Ron Young is well known to the UK's diving fraternity as someone who enjoys answering questions posed by them about shipwrecks. It is usually hard for anyone else to add any further detail once Ron has given his definitive answer. I mention this because, as a fellow author, I have a great admiration for his wealth of knowledge which has never been found wanting. In this latest work, Mr Young has teamed up with Pamela Armstrong to provide us with a book which is clearly his best work to date.
As the full title of the book shows, this is the first part of the story of those submarines which failed to make it home and remain on the seabed in British waters - covering the East coast of England from Northumberland to Kent.
I began by reading both forewords (yes, there are two!) which give completely different viewpoints, yet both add a great deal to the expectation of what is to follow within the book itself. I was never disappointed. As the technology to find new shipwrecks on the seabed - and to reach those shipwrecks once found!, continues to advance and improve, so the world of the ordinary scuba diver is being drawn more and more into the realms of historical research. This book goes a long way towards bringing those two disciplines closer together.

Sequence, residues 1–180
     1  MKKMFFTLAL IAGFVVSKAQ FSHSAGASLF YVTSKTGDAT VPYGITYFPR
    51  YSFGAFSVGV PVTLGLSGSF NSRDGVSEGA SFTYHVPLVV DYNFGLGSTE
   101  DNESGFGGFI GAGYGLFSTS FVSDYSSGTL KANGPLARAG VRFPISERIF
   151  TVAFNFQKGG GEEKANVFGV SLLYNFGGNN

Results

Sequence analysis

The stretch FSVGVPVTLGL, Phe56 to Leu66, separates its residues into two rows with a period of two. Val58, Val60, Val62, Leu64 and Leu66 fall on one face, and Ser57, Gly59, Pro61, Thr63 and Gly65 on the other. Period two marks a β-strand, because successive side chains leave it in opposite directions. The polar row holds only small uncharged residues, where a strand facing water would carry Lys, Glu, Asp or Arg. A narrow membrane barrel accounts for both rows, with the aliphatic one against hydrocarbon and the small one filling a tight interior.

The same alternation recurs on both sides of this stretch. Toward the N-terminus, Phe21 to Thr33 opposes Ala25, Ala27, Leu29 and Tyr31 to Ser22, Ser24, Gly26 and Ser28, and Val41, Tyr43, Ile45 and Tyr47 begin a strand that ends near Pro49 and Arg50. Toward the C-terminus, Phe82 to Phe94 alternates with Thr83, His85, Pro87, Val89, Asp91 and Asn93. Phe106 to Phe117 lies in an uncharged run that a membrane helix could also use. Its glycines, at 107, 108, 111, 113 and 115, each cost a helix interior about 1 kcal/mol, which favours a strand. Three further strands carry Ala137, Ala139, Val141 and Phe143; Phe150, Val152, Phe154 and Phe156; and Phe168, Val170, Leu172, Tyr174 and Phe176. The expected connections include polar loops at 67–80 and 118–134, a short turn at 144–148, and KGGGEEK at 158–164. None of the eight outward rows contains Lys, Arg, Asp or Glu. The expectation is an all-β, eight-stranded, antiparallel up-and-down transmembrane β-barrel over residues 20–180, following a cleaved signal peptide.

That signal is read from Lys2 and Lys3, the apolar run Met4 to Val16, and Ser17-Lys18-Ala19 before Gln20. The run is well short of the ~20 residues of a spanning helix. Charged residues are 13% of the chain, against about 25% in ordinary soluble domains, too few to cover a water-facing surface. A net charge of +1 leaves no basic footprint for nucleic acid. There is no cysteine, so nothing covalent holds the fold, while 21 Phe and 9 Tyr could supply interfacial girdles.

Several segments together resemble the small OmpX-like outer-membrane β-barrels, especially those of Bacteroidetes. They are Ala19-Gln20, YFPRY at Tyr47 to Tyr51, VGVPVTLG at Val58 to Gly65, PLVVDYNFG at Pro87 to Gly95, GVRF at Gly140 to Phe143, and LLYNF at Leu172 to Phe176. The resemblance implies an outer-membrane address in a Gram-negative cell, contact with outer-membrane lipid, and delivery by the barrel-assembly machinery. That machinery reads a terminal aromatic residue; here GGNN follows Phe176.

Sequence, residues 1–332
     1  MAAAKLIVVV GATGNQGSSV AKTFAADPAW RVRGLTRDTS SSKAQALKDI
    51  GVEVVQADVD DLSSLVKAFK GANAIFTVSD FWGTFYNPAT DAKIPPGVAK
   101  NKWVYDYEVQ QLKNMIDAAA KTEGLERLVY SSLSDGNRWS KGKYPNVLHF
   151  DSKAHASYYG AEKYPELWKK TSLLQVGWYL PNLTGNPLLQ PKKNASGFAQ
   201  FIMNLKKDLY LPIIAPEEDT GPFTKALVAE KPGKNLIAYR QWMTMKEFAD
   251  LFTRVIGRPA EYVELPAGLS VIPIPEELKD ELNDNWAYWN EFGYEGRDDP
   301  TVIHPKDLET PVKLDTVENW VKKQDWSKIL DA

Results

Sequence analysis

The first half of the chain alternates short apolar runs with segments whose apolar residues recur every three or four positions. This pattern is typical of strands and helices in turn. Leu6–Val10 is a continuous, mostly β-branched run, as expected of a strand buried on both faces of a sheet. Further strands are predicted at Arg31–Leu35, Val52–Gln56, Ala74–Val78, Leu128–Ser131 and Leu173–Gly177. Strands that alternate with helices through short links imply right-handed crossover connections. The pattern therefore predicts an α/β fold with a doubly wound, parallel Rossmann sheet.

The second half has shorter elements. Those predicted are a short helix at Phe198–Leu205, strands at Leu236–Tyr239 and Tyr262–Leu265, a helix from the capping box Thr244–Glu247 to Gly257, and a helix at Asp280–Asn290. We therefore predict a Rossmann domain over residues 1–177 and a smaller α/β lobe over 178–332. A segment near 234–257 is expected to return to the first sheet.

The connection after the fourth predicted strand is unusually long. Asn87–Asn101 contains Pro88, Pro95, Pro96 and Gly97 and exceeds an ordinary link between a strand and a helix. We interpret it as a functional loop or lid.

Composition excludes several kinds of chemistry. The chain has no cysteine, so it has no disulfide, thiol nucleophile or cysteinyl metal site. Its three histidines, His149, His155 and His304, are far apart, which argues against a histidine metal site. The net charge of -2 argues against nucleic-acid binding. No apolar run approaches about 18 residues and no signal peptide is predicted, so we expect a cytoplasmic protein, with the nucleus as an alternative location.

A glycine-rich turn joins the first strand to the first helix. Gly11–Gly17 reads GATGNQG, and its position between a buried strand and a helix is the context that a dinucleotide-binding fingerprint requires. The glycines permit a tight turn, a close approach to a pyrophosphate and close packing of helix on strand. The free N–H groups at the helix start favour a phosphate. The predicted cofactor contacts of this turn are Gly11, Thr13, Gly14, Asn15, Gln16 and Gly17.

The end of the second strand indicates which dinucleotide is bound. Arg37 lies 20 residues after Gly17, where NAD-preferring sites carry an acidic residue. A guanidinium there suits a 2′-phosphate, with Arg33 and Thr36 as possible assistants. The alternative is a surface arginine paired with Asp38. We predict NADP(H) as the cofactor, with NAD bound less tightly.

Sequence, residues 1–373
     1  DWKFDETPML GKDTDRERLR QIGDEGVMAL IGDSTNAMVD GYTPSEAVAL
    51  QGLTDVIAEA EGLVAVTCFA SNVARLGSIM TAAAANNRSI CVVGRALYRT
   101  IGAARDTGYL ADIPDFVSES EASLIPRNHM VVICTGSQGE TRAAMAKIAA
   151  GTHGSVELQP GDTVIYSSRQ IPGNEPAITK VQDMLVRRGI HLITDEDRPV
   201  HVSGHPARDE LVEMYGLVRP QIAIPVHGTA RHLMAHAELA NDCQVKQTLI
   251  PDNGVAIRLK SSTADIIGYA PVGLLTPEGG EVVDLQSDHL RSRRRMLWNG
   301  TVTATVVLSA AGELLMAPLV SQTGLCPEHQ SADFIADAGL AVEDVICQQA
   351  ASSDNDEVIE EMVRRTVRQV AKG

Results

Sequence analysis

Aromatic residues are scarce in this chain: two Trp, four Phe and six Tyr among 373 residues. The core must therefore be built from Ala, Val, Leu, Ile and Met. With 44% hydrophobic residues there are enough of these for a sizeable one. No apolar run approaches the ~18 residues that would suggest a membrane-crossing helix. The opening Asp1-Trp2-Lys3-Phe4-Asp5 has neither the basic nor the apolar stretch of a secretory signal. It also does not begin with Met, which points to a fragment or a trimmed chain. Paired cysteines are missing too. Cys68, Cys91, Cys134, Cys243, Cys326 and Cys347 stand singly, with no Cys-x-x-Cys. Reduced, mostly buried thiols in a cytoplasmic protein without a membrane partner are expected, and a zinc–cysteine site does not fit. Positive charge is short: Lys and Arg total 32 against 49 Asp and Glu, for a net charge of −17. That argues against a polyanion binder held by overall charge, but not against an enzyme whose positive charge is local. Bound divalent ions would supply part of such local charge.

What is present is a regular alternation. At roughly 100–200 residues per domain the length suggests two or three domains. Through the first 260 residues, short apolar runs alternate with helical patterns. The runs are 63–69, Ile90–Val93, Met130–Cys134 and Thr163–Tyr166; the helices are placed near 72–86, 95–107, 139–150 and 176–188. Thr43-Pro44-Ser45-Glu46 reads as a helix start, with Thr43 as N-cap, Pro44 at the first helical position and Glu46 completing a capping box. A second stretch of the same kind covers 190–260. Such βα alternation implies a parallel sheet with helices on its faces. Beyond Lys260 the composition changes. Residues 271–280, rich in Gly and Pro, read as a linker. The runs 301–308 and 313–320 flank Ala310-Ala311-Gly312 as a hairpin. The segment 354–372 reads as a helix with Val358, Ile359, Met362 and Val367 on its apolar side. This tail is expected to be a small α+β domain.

The book itself is extremely well laid out. The authors begin with some much-needed explanatory notes on naval terms and ranks - both British and German. From then on we are taken, literally, on a submarine journey all the way down England's eastern coastline. Along the way we pause to discover wreck after wreck covered in splendid detail - with everything written in the most readable style to make this a book which becomes harder to put down as you look at your watch and decide to read about "just one more."
With all the technical information as well as an account of the loss of each vessel, this is a book from which expert and amateur - researcher and diver, will all learn much that they did not previously know. In addition the book is extremely well illustrated throughout with a thoughtfully chosen selection of black and white historic photographs plus the occasional map and schematic drawing.
Altogether an essential addition to the bookshelf of any British Diver plus any person with a serious interest in British and German maritime history.